Real-time payments can transform banks that embrace it, says Mike Haney, head of digital core at Galileo Financial Technologies sister firm Technisys, in the new PYMNTS eBook, “2023 Payments New Year’s Resolutions.”
Banks occupy a unique position in the payments universe. Transactions often begin and end with a bank account. As mechanisms to move money between those accounts are increasingly becoming real-time, banks must foster a mindset of continuous adaptability to deal with this ever-changing landscape.
Consider The Clearing House’s RTP service which began in 2017. Its capabilities already reach 61% of all demand draft accounts in the United States. P2P networks like Venmo and Zelle recently began clearing and settling some transactions over the RTP network. The Federal Reserve’s FedNow service also launches this year. It is expected to reach 100% of financial institutions in the U.S. According to Global Data, instant payments global growth has a projected 23.6% CAGR through 2025, and FedNow adoption is expected to follow suit.
2023 provides opportunities for banks to embrace transformations in the payments industry, thereby reducing operational costs, increasing customer loyalty and deepening relationships with partners. This year, banks should resolve to:
1. Adopt real-time operations: Banks must adapt their client servicing models, including dispute management processes, migrate liquidity management to a 24/7 operation and update fraud process. By changing fraud prevention, detection and recovery procedures to accommodate clearing and settlement, which will occur immediately and irrevocably, banks can better protect against the always-available nature of instant payments, which gives fraudsters more opportunities to attack.
2. Eliminate architectural complexity: Although there have been delays in deploying ISO20022 for legacy payment networks, including SWIFT, CHIPS and Fedwire, newer schemes such as RTP and FedNow have adopted this global standard from the start. Banks can leverage this opportunity for system consolidation centered around this standard and a chance to gain experience using ISO20022. While modernizing payment engines and gateways are important, an additional consideration is to transform core banking systems to eliminate legacy practices such as memo posting.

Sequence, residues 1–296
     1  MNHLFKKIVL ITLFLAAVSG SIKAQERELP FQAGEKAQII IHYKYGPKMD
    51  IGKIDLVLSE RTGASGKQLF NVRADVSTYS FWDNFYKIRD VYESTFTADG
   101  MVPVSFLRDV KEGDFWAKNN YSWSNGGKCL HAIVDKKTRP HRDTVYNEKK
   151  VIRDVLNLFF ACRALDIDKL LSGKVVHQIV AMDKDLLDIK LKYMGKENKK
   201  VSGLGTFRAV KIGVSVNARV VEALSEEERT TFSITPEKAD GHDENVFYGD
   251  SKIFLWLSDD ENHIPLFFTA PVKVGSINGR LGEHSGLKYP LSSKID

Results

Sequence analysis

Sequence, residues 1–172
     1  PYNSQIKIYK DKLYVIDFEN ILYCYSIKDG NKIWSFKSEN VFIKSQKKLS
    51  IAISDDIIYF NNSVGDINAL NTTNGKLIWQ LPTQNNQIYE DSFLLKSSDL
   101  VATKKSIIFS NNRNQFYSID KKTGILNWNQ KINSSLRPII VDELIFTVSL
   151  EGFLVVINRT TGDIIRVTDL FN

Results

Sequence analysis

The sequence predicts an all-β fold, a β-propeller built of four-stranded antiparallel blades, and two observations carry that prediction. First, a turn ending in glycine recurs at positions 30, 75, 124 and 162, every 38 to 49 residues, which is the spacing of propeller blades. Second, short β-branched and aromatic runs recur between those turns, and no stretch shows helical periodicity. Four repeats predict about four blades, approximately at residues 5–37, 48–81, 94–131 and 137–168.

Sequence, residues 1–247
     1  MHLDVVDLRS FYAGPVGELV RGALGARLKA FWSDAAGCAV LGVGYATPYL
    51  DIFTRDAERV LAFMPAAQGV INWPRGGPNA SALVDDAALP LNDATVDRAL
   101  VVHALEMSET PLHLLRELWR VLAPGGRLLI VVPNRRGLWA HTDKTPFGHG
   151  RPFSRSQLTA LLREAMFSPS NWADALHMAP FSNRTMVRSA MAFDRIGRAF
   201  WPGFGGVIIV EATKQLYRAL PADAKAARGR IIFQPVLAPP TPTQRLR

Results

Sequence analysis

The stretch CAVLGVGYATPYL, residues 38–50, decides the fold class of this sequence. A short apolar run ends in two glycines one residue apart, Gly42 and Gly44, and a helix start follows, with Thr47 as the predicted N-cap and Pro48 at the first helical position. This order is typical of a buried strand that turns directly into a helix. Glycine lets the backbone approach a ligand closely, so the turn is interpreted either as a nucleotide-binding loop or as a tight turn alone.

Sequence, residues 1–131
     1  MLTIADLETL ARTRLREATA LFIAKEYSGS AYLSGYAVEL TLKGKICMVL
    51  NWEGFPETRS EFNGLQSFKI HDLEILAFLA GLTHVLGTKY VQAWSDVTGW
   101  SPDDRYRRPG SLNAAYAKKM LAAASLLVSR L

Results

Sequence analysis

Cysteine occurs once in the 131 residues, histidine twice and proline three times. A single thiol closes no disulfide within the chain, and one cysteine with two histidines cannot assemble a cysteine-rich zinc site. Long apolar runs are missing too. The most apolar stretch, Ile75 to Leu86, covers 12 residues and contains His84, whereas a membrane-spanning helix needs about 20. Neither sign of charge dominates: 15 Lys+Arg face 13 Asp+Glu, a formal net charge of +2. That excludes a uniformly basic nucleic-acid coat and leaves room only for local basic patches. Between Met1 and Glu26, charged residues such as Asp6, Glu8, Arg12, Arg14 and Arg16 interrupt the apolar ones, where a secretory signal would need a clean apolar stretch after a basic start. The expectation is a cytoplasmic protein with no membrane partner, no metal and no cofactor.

3. Replace fee income: Instant A2A payments threaten the interchange fees banks have come to enjoy from their card businesses. This, coupled with the declining revenue from non-sufficient funds handling, such as overdraft fees, means two of the largest sources of fee income are at risk. Banks should find alternative ways to charge for their services to compensate for lost revenue.
4. Reduce credit card dependency: While 84% of adults in the U.S. have at least one credit card, instant payment schemes such as pay-by-bank have shown to be successful overseas and are rapidly coming to the U.S., threatening credit card usage. Large banks like JPMorgan Chase have already challenged themselves to determine how to mitigate a potential slow-down in their card business. This could include leveraging existing trends, such as the rise in popularity of debit cards among the younger generations and combine it with buy now, pay later (BNPL) financing.
5. Be present at point-of-need: BNPL and early wage access are two examples of how embedded finance and instant payments are coming together to solve real customer problems. Banks can increase merchant services and business banking solutions to take advantage of instant payments by being available when the customer needs it most. For example, Galileo recently launched its bank-issued buy now, pay later solution designed to enable more purchase options for customers and to keep underwriting decisions with the bank who understands the customer’s financial history best.
The path to instant payments may be complex. However, the banks that embrace it will reap the rewards of a simpler, more standardized offering and be better positioned for the next industry evolution.